Many questions arise in some parts of today’s broad Messianic community because Judaism has historically not pronounced the Divine Name of God. There is no doubt that it is clearly written in the Hebrew texts of the Tanakh. Just looking at these verses in Numbers attests to that reality. The Divine Name of God, YHWH/YHVH (hwhy), appears 6,828 times in the Hebrew Bible. The authors, compilers, or editors of the Tanakh did not have a difficult time declaring who they received their revelation from or the Creator they wished to specifically identify. However, following the Babylonian Diaspora, the Jewish people began to consider the Divine Name so holy that it was to be reserved only for the high priest to speak on Yom Kippur or the Day of Atonement. The Mishnah attests to this tradition:

“And the priests and people standing in the courtyard, when they would hear the Expressed Name [of the Lord] come out of the mouth of the high priest, would kneel and bow down and fall on their faces and say, ‘Blessed be the name of the glory of his kingdom forever and ever’” (m.Yoma 6:2).

There was a protocol established in Second Temple times for speaking the Divine Name of God—and those who would speak it out of place could be condemned to death for blasphemy. When reviewing the text of the Apostolic Scriptures, it is clear that Yeshua and the Apostles adhered to this protocol. In the Gospels, Yeshua actually spends more time calling His Father, “Father” or “Abba”—than actually referring to Him as God or Lord. If Yeshua considered not speaking the name YHWH aloud to be an error of the Second Temple Judaism in which His ministry functioned, then there would be plenty of evidence in the Apostolic Scriptures supporting this, including charges of blasphemy against Him for verbalizing the name YHWH. If anything, though, it was Yeshua’s claim of being the “I am”—to actually be YHWH (Mark 14:63; Matthew 26:64-65; Luke 22:71; cf. Exodus 3:14)—that condemned Him to death.

As Messianic Believers who are trying to return to the theology of the First Century Believers, who operated within the context of Second Temple Judaism, we must recognize that while our Heavenly Father has a proper name, it was not used by Yeshua and the Apostles. We must have the same kind of respect for the holiness of the name YHWH that they had. We should not hesitate to use appropriate titles for our Creator such as God or Lord, just as they were employed by Yeshua and the Apostles.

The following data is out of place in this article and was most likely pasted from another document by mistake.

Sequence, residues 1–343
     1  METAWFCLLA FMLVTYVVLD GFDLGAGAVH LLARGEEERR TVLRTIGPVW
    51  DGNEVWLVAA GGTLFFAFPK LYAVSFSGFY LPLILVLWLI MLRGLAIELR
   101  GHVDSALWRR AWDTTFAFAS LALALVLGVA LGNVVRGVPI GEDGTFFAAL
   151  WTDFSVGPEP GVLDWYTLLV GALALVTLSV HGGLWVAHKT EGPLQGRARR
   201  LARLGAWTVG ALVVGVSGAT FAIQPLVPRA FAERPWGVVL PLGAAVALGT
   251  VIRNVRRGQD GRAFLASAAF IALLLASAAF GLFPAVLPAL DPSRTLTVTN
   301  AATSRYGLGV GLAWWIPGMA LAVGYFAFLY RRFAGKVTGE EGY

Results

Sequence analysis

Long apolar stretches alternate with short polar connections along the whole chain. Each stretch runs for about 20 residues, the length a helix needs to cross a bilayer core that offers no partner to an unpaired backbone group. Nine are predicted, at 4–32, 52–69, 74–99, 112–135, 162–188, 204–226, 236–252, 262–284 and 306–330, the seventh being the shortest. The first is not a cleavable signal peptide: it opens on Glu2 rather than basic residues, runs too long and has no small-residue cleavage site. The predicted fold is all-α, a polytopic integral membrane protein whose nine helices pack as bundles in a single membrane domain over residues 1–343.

In recent years, some have claimed that the Father is “restoring” the usage of the Divine Name to His people. While this is interesting to consider, in most cases the enemy has gotten into the mix and made the Sacred Name a point of great contention and ultimately division. The Sacred Name sub-sector, not only in demanding widespread usage of the name YHWH, also claims that the English name Jesus errantly derives from “Zeus,” even though the Greek transliteration of Yeshua ([Wvy), Iēsous (Ihsouß), appears throughout the Septuagint—a Greek translation of the Hebrew Bible of Jewish origin. Having been in Messianic ministry now for well over a decade, I have had to interact with many Sacred Name Only people, and am sad to report that they have brought a great deal of problems into our young and fledgling Messianic faith community.

Should we not be wiser about the wiles of the Devil, and be better prepared and informed to handle the privilege of being called the people of God? Are we ready to really use His name? Considering all of the division and disrepute the Sacred Name Onlyists have often brought to the Messianic movement, if you use the Divine Name regularly, would it be appropriate to step back for a moment and (re)consider its usage?

I believe we all need to more fully comprehend who the Lord is and how great His love for us actually is, so we can be a people who are really called by and are worthy of His name. Most importantly, we need to understand Him as our Heavenly Father, and have an intimate relationship with Him. May this come quickly as we strive to know Him in deeper and more profound ways!